If you have land but no garden yet, winter will show you how your land handles rain and frost. Are there boggy areas that are constantly wet? Are there patches that remarkably stay bone dry (like under large trees)? Perhaps you have a slope that turns into a sheet of running water or a creek that becomes eroded or overflows? Does the frost affect some patches more than others? Take notes, draw a rough map and mark out distinct zones with sticks because you will forget.
One way to modify the land is to make your garden interesting with cleverly designed mounds and shaped low areas that lead excess water to a pond or already existing creek. My garden has such a design, directing water around the garden in shallow, grassy depressions which end up either in my pond or in the creek. There are paths crossing the dips, with small “bridges” which keep a walker’s feet dry, which are anything from a few, short planks embedded into both sides to a metal grate or some nice rocks. These features make land into garden and plants can be selected for their habitat requirements where the soil is often damp.
This is Tasmania so make use of our climate and our diverse native Tasmanian plants, many of which are edible and which will result in frogs, insects and our gorgeous, tiny, native birds and small mammals inhabiting parts of your garden. Make frost your friend.
Plant and sow in August
Rhubarb, strawberry runners, raspberry canes, asparagus and get all deciduous trees and shrubs in before they leaf.
Start sowing summer vegetables with bottom heat:
Eggplants…. Good luck!
And while you are waiting for them to mature, why not grow some sprouts in the kitchen for a nutritious and delicious treat for your taste buds and body…. lentils, chickpeas, fenugreek, buckwheat
Sow now in trays to plant out later:
Onions including red, salad, spring and most others
Broad beans (it is not too late)
Peas and to eat as pea shoot microgreens
Raw vegetable Approx. oxalate content milligrams per 100 grams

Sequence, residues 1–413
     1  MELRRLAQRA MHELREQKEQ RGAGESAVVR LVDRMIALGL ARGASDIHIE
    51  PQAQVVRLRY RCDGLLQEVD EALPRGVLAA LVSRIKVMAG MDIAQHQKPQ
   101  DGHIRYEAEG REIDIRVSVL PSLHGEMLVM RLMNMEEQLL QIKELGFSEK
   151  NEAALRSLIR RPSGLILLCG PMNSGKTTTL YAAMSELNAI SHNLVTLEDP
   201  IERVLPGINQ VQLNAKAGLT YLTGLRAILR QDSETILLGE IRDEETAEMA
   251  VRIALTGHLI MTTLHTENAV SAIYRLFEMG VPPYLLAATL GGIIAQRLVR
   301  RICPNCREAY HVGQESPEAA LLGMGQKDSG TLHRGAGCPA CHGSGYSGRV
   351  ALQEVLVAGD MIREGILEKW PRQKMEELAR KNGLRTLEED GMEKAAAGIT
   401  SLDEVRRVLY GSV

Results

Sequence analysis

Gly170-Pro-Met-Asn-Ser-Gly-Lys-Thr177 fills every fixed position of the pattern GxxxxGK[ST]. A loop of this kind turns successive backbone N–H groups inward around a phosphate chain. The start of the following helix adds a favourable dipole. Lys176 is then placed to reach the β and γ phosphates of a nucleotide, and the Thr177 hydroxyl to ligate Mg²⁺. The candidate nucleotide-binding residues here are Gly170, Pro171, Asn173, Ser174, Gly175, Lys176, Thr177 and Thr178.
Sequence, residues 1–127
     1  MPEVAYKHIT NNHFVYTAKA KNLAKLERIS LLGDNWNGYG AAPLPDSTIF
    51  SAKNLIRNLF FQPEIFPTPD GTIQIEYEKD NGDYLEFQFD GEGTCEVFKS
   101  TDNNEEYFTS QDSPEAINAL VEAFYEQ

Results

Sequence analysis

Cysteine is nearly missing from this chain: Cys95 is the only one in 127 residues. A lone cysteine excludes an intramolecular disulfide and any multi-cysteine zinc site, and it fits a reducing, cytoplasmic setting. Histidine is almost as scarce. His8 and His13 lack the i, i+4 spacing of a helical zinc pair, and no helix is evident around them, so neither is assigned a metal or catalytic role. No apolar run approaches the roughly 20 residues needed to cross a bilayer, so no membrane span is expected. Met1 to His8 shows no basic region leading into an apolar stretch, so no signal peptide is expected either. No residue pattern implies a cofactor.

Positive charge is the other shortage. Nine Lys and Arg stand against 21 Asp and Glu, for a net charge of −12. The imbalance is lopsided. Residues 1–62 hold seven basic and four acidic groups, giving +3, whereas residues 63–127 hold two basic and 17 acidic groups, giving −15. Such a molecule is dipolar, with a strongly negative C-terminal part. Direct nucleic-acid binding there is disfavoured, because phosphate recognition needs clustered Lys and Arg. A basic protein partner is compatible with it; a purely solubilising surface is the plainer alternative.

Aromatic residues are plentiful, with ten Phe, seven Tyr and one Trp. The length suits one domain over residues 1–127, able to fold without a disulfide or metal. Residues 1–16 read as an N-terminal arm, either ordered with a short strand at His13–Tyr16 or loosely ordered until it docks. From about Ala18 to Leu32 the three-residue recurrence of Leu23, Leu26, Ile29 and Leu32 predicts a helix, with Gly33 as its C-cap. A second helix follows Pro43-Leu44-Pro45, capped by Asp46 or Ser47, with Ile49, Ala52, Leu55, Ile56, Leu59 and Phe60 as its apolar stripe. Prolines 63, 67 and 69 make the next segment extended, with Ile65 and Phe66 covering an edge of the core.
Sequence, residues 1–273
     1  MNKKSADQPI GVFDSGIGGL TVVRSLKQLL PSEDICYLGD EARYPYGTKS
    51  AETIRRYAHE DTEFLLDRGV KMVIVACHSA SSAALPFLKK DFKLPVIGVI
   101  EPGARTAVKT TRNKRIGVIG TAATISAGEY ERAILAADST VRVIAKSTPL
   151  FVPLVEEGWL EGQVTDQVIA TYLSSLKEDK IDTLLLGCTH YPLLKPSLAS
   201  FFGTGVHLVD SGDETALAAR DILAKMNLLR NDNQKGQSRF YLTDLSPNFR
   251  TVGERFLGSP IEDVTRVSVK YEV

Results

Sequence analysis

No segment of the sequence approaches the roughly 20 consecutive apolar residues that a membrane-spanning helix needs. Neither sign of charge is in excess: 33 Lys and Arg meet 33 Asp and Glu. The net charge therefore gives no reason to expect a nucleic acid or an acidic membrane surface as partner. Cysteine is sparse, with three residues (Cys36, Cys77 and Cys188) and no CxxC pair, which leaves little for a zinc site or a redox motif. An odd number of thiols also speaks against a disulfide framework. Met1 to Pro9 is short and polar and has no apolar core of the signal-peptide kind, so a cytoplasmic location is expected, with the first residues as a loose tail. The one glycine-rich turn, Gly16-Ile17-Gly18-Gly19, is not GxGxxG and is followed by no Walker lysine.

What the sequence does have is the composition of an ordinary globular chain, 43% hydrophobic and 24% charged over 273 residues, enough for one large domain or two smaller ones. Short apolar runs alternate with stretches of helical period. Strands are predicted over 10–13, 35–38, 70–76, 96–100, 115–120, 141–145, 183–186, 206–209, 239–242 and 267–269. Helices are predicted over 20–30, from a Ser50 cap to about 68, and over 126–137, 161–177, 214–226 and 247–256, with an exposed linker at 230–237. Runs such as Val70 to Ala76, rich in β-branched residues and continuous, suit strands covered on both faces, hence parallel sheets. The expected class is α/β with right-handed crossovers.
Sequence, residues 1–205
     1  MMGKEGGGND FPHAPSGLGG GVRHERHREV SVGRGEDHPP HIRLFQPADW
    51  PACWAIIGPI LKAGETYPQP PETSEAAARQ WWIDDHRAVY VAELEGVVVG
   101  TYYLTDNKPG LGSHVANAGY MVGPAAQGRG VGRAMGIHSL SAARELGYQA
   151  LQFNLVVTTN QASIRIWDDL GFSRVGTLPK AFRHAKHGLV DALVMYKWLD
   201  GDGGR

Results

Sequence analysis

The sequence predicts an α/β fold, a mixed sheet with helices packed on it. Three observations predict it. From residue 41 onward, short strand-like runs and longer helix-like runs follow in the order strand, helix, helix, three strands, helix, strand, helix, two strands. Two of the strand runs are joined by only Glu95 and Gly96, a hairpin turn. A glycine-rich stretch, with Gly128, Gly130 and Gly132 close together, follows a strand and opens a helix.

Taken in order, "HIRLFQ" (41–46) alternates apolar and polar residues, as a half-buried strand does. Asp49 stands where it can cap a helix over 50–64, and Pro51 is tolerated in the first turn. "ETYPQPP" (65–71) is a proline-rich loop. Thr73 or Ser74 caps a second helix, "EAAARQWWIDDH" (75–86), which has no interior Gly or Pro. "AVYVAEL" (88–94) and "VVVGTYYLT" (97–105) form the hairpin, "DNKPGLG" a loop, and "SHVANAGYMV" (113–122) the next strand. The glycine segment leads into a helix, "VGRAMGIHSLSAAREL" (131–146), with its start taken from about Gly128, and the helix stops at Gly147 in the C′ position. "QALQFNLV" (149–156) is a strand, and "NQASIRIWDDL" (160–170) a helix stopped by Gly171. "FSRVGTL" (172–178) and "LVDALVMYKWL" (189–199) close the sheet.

Beet greens (silver, rainbow) 610
Bok choy, mustard greens, endive 10
Everybody needs a home
Brrr! It’s cold. Not a good time for insecurity, of any kind. This week is designated as National Homelessness Week (2-11 August), but the problem of homelessness is an ongoing and increasing problem, experienced by thousands of Tasmanians throughout the year. Like many of my friends and acquaintances, I support local organisations such as op shops and other charitable groups, whose work is aimed towards supporting people who are homeless, vulnerable and insecure. That may include food, safety or housing insecurity. Last week, when visiting St Vinnies in Huonville, I struck up a conversation with a volunteer. Is there a direct way – as well as the usual way of donating good quality items and purchasing any of the products they have in their Main Street store – that we could help anyone who was immediately and particularly vulnerable? I said I was interested in helping people who were in urgent need. I wanted to know, what happens when an emergency or sudden need arises?
The scale of homelessness
I like to knit beanies and blankets to give away, but I was concerned for those who might need direct help, right now. President of the Southern Regional Council of St Vincent de Paul Society Tasmania, John Moore, told me in his email response to my query, about some of the needs at the moment in this area: “Homelessness is a complex topic and the solutions for people in that predicament are many and varied. Certainly, the high cost of housing is a factor for many. Sometimes there are also other challenges including mental health, domestic violence, addiction, unemployment, debt, health problems, eligibility for Centrelink or family break-ups that underlie homelessness. Assistance for homeless people often comes from more than one agency so that underlying difficulties are addressed. Bethlehem House specialises in assistance for homeless men, providing a bed for the night and programs for those men to put them on a stable, safe path. There are others including Safe Space run by Hobart City Mission. Locally, the Community Health Centre social workers assist people with whatever issues present.